Agape, however, refers to something very explicit and strictly defined. The statement that God is love refers to the gift of God’s Son to be our Redeemer and the atoning sacrifice for our sins.
Hence, the confession of Jesus as God’s Son, sacrificed on the Cross, is the only context in which to understand the affirmation that “God is love.” Therefore, the establishment of a community of love in this world is inseparable from the Church’s Christological confession and answer to the questions, “Who do you say that I am? And “What do you think of the Christ? Whose Son is He?”
Two points are chiefly made in verses 17-21.
First, God’s love in us gives us confidence in the day of judgment. It is in this sense that perfect love casts out fear.
It is important to observe that the fear cast out by perfect love is fear of the day of judgment. Many commentators over the centuries have remarked that perfect does not cast out all fear, Perfect love does not cast out, for instance, the fear that is intrinsic to love itself, such as the fear of offending the One we love. In this sense, “The fear of the Lord is holy, enduring forever” (Psalms 19 :9).
Perfect love does cast out, however, fear that the One we love will reject us. This is essentially the argument that Paul makes in Romans *:31-39.
This Johannine text should not disappoint those who find themselves fearful of the day of judgment. John does not say that fear of the day of judgment is incompatible with being a Christian. He says, rather, that perfect love casts out this fear. If one is still fearful of the day of judgment, this does not mean that he is not yet a Christian. It simply means that he has not yet attained to perfect love. There is no disgrace in that. God is not dishonored by such a fear. The presence of such fear means only that one is not yet perfected in love.
This will be disappointing news, to be sure, to those who believe that everything in the Christian life is to be instant. Still, it is true that perfection in love is not the work of a day. Contrary to modern popular belief in instant salvation (and instant everything!), growth in love is the work of years. In this respect, the love of God resembles marriage itself, in which it is normal to spend one’s entire adult life striving for mature love.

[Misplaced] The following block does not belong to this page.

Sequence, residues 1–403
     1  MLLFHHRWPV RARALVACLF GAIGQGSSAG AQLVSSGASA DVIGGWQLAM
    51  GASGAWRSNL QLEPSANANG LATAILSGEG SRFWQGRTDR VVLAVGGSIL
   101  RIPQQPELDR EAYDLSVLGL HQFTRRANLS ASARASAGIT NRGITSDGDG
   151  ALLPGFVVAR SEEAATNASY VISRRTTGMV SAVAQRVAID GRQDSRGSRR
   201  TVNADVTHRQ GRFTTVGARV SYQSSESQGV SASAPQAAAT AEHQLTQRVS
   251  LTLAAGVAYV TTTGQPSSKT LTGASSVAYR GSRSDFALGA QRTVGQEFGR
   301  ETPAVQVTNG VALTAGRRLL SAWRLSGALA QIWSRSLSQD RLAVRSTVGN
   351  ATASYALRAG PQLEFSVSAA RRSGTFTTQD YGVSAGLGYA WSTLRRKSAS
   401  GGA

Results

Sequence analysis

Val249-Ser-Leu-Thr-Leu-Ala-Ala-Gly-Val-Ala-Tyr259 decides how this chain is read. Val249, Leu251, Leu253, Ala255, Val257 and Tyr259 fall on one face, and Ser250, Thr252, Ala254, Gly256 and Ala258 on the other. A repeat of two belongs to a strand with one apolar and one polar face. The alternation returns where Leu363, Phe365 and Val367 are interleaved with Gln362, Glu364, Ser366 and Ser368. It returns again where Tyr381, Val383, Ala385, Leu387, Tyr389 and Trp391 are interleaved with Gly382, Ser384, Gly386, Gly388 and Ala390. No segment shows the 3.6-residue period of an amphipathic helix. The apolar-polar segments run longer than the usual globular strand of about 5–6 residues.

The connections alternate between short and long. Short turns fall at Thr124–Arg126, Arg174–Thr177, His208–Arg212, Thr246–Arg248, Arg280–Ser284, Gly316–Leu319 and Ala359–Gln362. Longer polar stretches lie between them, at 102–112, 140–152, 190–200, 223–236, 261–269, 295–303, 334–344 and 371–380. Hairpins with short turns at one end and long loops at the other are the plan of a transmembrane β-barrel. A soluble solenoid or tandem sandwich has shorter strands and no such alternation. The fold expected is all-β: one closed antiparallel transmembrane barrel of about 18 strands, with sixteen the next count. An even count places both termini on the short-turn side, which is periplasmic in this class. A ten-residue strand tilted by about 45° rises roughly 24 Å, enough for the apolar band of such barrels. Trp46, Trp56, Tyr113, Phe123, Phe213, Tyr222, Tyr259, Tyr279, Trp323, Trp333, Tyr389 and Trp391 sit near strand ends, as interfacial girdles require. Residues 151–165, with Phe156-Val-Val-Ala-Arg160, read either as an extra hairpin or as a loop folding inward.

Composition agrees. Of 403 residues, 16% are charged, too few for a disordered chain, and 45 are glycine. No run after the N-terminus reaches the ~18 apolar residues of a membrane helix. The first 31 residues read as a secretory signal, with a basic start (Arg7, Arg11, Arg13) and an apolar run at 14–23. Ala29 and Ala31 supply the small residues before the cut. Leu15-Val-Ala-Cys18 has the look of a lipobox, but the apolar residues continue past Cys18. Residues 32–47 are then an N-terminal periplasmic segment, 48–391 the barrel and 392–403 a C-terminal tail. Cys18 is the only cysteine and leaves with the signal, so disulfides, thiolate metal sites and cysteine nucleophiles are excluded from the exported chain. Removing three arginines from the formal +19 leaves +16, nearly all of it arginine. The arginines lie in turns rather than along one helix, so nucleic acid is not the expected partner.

Second, hardly anything is more open to illusion or more easily imitated by an imposture than love for God. If we inquire of a person, “Do you love God?” he may consult his state of mind or even the state of his emotions and answer with a ready “yes.” Yet, it may be the case that such a person is lying, or more correctly, that he is deceiving himself. It may be the case that there is not a scintilla of love for God in this person’s heart.
John says that there is only one way to begin addressing this question, and it is by asking another question: “Do you love the brother whom you see?”
John does not concern himself with love for humanity, because there is a sense in which humanity is just as invisible as God. No, it is the brother whom we see that serves as the only reliable gauge of our love for God.
How much, then, do I love God? I love God as much as I love the least of those brothers whom I see, not one whit more. Have I seen anyone lately whom I do not love? That is how much I love God. Any other gauge is an illusion.